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Evolutionary Sociology

Definition

Social evolution is the evolution of social fauceirs.

Social evolution is not different from history. In fact social evolution includes history. History is studying social evolution in a restricted geographical space over time. Studying social evolution in genaral, however, is multidimensional, so it can by studied over time and space, such that the same rules of social evolution may apply to history of a specific country as well as to different countries within the same period.

For instance the Dignity Rule holds for a single country over history as well as for different societies at the same time.

Time and space are the most common parameter by which social evolution can be measured. Of course, there exist many more, infinite in fact as it follows from Fauceir Theory.

Approach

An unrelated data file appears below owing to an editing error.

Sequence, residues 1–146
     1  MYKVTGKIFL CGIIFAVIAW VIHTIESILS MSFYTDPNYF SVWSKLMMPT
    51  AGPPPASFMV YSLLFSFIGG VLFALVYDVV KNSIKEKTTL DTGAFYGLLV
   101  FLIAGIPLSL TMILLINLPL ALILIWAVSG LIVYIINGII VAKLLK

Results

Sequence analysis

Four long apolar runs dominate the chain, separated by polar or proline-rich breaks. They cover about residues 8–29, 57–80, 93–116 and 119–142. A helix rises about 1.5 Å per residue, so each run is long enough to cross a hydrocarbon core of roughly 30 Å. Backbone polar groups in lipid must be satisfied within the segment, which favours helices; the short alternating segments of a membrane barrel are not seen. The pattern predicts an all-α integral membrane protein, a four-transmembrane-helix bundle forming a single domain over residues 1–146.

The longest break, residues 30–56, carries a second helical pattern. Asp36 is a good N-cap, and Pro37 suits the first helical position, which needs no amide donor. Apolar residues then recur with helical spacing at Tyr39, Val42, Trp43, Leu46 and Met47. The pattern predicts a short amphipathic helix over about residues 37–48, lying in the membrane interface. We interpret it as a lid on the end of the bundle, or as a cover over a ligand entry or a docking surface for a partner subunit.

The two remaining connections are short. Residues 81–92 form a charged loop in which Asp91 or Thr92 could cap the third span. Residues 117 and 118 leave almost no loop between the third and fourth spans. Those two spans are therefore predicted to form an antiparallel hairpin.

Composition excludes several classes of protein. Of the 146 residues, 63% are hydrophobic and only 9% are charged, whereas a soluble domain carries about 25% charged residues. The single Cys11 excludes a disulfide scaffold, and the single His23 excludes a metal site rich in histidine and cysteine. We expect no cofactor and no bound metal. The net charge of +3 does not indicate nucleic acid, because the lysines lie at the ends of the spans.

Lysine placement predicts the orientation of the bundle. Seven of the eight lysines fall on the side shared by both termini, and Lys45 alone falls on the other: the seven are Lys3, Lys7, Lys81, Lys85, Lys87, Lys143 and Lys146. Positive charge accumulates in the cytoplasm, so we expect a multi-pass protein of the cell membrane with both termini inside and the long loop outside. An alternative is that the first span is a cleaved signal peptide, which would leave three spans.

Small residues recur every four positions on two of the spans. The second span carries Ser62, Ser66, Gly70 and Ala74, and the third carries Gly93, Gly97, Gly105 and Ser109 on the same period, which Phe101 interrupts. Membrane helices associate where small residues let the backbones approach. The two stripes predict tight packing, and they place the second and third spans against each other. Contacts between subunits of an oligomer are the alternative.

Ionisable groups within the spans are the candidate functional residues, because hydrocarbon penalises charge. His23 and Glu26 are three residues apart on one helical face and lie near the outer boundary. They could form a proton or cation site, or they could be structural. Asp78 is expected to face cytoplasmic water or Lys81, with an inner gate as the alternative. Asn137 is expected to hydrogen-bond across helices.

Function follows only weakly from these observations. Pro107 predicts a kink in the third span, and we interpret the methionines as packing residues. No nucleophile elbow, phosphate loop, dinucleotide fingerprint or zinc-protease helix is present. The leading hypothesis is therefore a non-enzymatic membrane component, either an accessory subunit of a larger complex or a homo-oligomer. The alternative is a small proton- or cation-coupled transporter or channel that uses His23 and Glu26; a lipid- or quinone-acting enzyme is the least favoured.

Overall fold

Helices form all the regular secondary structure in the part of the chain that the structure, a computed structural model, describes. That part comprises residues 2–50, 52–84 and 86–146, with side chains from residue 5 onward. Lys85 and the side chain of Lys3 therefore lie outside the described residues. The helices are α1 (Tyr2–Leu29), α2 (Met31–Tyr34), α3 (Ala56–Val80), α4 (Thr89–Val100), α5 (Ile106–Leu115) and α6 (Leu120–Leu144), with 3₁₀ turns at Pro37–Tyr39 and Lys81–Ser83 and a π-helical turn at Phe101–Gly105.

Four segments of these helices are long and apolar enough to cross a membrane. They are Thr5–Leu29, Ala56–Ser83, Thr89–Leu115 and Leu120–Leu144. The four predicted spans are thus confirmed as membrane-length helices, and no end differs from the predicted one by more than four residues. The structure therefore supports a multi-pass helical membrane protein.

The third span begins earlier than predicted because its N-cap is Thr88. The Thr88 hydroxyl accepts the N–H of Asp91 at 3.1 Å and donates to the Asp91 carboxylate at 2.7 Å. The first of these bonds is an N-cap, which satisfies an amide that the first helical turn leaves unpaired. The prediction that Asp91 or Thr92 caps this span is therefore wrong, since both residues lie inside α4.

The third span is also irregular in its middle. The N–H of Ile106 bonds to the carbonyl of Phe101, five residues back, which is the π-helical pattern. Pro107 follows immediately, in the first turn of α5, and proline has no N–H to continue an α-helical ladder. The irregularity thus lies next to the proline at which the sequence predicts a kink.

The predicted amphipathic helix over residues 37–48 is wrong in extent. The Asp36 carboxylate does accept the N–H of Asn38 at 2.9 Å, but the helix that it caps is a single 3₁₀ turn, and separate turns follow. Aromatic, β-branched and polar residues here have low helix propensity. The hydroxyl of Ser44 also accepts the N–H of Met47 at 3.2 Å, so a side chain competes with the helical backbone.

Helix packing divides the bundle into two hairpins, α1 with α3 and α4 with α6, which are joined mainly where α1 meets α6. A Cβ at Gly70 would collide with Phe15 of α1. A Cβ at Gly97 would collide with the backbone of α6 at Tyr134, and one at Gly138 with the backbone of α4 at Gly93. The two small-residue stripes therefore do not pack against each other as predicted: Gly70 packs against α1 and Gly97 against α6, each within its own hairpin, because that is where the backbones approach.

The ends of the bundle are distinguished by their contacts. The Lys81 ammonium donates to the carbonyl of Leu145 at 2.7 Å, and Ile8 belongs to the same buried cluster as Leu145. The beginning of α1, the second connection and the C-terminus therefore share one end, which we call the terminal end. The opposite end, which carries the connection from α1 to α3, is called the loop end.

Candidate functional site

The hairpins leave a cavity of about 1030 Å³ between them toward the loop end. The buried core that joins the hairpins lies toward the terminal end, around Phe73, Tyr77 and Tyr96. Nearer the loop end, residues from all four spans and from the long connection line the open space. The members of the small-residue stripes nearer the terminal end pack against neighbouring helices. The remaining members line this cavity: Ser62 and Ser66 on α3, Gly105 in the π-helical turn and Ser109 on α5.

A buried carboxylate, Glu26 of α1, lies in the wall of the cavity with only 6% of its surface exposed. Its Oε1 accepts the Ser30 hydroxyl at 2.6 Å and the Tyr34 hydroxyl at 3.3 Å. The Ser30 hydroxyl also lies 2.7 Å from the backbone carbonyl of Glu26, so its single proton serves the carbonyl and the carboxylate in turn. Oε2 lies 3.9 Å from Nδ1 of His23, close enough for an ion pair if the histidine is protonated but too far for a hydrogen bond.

The approach to social evolution is controversial. Despite of the well recognized fact that societies evolve, the concept of Social Darwinism is ideological and fiercely disputed.

The root of this controversy lays at our involvement. We humans are social animals. As such we are part of social evolution. Progress in undecerinble if everything around us moves into the same direction.

While studying social evolution we face the same problems as physicists centuries ago when studying the rotation of our planet. Social progress becomes discernible only if:

  1. We observe it from a somehow external position. That distance may be achieved by living as an hermit or analyzing distant cultures. Distant in space or time.
  2. We start to independently analyze how much our position is influenced by our social group.

He have to be aware that none of these approaches yields a complete detachment from our group's ideology. Thus all positions about social evolution, even the one that neglects social evolution at all, are tainted by ideology.

Implications

As social evolution is the evolution of social fauceirs, it is not the evolution of the members of a social group, us humans. In fact social evolution may involve devolution of its members.


Tags: Evolution Society Theory


Categories: Psychology Sociology

 
   

(c) Mato Nagel, Weißwasser 2004-2013, Disclaimer